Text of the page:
In contrast to what some scientists believe, global warming may not be to blame for strong El Niño events in 1982-83 and 1997-98 that caused severe floods, drought, and forest fires throughout the tropics. Instead, these El Niños appear to fall within the range of natural variability, a study in the 17 July issue of Nature suggests. The research shows that in the 17th century, long before humans started churning out greenhouse gases, El Niños were at least as severe and frequent as they are today.
El Niño, the striking rise in sea surface temperatures that occurs in the eastern tropical Pacific every 3 to 7 years, is only the most notorious phase in what climatologists call the El Niño/Southern Oscillation (ENSO) phenomenon. (La Niña is the "cold phase.") Because of its worldwide effect on weather, ENSO can have high economic, social, and ecological costs.
To better understand the variable strength and frequency of today's ENSO and predict what the future may have in store, paleoclimatologist Kim Cobb of the Scripps Institution of Oceanography in La Jolla, California, and colleagues traveled to Palmyra Island in the central tropical Pacific. There they collected close to 100 1- to 2-meter-long cores of fossil coral, as well as a 3-meter-long sample of living coral. They dated the samples using the so-called uranium-thorium isotope series and determined the ratio between oxygen isotopes 18O and 16O, which goes down as the weather gets warmer and wetter. This allowed them to reconstruct the climate in Palmyra during five intervals between A.D. 930 and 1998 (see figure).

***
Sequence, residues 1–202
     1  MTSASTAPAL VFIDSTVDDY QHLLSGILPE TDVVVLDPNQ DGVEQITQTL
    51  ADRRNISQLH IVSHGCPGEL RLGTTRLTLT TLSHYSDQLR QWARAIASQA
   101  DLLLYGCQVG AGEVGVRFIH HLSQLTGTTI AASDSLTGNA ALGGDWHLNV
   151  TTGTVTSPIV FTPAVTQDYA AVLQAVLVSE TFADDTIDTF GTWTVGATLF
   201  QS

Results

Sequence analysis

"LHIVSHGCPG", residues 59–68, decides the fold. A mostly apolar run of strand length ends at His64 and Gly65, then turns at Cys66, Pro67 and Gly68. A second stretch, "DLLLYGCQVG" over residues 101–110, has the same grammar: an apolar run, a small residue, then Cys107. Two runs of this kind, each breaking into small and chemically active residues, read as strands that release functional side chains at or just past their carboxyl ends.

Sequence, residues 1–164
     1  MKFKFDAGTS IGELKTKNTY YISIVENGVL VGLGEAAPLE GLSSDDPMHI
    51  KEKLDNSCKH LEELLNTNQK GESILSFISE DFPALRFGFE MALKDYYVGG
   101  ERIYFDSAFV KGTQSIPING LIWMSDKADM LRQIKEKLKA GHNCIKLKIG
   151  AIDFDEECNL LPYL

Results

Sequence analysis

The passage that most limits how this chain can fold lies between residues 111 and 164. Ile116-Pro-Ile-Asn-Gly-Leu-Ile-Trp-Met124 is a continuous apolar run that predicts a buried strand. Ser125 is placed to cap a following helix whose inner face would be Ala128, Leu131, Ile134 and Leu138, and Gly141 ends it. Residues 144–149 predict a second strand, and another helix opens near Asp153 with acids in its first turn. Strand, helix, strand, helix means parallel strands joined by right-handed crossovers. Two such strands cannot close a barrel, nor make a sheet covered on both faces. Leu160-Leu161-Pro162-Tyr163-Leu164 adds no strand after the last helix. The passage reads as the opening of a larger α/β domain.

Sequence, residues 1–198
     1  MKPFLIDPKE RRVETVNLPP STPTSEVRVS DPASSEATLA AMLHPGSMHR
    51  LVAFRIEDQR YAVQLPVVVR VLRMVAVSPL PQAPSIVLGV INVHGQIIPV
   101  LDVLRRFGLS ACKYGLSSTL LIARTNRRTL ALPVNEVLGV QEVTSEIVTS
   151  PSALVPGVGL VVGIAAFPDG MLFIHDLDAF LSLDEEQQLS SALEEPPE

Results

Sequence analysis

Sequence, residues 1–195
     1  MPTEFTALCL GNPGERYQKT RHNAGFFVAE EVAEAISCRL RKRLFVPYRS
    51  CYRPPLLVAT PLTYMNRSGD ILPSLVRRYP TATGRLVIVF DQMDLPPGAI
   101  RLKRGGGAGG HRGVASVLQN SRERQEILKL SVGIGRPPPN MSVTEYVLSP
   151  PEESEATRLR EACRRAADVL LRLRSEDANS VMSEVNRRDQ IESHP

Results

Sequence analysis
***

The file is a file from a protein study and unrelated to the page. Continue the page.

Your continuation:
The study confirms many others that have shown a dramatic warming trend since 1976. However, the data also indicate that ENSO activity was more vigorous in the mid-17th century than during the 20th century, and activity often changed abruptly and markedly through the millennium. This suggests that global warming is not necessarily the cause of modern-day severe El Niños, notes Cobb, who is now at the California Institute of Technology in Pasadena.
Paleoclimatologist Michael Evans of the University of Arizona in Tucson says the work is "quite an achievement." Based on the coral data, Evans agrees that "the last 30 years' worth of ENSO events may not be all so unusual."